Studies in the Epistle to the Colossians Part X: Christian Apparel -- By: S. Lewis Johnson, Jr.
BSac 121:481 (Jan 64) p. 22
Studies in the Epistle to the Colossians
It is a commonplace to point out that Christianity is not just theology, nor simply a system of ethics, but incorporation into Christ. To use one of Denney’s favorite expressions, union with Christ is the “diamond pivot” of Christian truth, when considered from the human side. From the divine side, of course, it is the cross.
If this be true, then it is seen more clearly than ever that Christian doctrine and Christian duty go together. Many years ago P. T. Forsyth, that Aberdonian theologian of such unusual foresight and brilliance, wrote, “The same act which sets us ‘in Christ,’ sets us also in the society of Christ.”1 Acceptance of doctrine about Christ must lead to a decisive modification in duty. Creed should be followed by conduct, it is said, and quite correctly. As Paul puts it, “For ye are dead…. Mortify therefore your members which are upon the earth” (Col 3:3, 5).
With chapter three, verse five, we come to the beginning of the more definitely ethical, or practical, section of the Colossian letter. Terrible damage is often done to the Christian church by an unethical mysticism. Paul with all his genuine Christian mysticism was eminently practical in his teaching. There was no divorce between doctrine and ethic in him, such as existed even in Stoicism.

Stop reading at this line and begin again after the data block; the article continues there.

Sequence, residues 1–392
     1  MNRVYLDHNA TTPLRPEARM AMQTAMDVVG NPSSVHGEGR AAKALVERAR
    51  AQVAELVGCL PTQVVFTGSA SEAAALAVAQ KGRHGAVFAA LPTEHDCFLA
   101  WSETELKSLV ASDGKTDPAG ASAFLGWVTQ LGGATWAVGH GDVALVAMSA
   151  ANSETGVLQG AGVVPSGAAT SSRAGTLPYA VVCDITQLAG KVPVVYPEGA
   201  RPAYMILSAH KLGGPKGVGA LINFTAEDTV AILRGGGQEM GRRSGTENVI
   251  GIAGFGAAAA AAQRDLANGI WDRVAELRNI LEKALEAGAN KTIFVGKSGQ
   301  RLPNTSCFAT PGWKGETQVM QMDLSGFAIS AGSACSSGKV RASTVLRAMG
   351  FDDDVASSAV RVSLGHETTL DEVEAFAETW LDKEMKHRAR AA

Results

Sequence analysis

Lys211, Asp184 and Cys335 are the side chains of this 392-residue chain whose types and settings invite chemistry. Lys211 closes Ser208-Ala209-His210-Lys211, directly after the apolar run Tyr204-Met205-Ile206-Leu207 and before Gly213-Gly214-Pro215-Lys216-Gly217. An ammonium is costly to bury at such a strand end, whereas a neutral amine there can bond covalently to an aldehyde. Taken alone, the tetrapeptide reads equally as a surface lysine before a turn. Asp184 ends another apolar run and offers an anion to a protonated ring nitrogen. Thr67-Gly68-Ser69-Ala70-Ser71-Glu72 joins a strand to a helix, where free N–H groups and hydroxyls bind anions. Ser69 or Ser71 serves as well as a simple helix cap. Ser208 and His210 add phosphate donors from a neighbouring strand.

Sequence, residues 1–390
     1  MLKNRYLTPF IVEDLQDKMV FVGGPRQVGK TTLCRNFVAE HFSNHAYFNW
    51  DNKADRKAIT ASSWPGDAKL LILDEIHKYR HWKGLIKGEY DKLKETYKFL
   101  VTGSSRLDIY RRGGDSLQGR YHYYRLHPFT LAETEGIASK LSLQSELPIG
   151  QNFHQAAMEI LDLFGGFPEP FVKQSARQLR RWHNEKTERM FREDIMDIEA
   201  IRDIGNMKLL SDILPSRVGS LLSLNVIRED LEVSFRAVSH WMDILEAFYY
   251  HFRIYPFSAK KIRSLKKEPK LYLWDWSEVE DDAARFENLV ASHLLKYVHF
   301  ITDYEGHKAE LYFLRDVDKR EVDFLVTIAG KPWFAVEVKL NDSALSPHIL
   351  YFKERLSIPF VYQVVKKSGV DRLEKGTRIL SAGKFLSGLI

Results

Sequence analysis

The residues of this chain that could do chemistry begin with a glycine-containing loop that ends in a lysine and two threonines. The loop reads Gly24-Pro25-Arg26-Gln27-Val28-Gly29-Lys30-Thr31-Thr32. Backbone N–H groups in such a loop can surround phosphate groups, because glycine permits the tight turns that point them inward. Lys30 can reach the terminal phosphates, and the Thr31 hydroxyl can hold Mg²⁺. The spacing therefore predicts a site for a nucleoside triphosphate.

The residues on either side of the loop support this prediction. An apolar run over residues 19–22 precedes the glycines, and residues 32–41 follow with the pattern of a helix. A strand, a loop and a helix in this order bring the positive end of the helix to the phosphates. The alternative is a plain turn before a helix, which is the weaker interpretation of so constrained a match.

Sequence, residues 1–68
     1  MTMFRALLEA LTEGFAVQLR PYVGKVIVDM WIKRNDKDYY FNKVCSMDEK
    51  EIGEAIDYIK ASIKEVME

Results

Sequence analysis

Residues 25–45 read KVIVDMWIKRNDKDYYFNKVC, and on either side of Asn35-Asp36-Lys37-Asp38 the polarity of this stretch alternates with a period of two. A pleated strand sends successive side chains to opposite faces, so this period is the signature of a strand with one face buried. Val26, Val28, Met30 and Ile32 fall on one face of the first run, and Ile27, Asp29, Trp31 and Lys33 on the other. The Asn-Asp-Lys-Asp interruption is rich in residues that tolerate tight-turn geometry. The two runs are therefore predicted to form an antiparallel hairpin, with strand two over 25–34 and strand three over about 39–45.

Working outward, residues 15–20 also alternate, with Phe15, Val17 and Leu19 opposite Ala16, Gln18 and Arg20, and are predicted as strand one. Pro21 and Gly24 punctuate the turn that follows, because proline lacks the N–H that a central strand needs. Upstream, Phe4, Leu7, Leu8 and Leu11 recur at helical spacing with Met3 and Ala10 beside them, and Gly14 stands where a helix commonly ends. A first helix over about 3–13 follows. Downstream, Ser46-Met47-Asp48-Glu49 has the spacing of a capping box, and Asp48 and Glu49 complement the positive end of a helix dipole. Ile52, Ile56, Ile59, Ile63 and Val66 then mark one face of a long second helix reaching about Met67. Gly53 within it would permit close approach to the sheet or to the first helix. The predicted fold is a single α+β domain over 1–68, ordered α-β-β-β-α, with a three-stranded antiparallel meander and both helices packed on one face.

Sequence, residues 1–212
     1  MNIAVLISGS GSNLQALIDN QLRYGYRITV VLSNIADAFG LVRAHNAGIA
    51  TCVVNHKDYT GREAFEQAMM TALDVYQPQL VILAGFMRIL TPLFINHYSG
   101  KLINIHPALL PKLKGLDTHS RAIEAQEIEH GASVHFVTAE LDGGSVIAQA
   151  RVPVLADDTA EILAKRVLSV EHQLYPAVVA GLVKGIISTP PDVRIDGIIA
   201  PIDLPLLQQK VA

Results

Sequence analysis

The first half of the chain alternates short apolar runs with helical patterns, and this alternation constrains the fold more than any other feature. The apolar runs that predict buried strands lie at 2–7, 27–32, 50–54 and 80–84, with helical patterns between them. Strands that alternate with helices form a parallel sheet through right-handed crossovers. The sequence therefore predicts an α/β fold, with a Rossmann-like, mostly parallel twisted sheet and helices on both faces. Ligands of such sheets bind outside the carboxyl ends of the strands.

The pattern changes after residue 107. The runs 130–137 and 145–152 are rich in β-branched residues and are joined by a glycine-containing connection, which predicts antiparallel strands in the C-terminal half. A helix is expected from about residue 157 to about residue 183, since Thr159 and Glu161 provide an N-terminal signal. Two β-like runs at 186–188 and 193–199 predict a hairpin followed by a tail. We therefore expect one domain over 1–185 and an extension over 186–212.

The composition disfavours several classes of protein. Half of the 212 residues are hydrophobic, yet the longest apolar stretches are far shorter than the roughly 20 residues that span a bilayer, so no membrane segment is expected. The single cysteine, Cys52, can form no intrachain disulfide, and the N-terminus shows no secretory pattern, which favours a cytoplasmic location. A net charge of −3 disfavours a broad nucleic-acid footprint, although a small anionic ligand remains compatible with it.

BSac 121:481 (Jan 64) p. 23
The figure, around which Paul builds his opening paragraph (3:5–17), is that of the divesting and reinvesting with apparel. In the eighth verse it is, “put off,” and in the twelfth verse it is, “put on.” The use of the figure may be related to the rite of baptism, as Moule suggests. He says: “This particular language—that of divesting and reinvesting—was no doubt dramatically symbolized by the baptizand’s unclothing before immersion and reclothing after it.”2 Pilots, soldiers, and athletes must dress the part, and so, too, the Christian believer. If the old man has been put off and the new man put on, the moral apparel of the old man must be laid aside and new apparel donned. Clothes do not make the man, but a man is often reflected in his clothes, and Paul would have the new man reflected in new moral attire after the image of Him that created him.
III. Practical: The Practice of the Believer in Christ (3:5—4:6 )
A. In the Inward Life (3:5–17).
1. The n...
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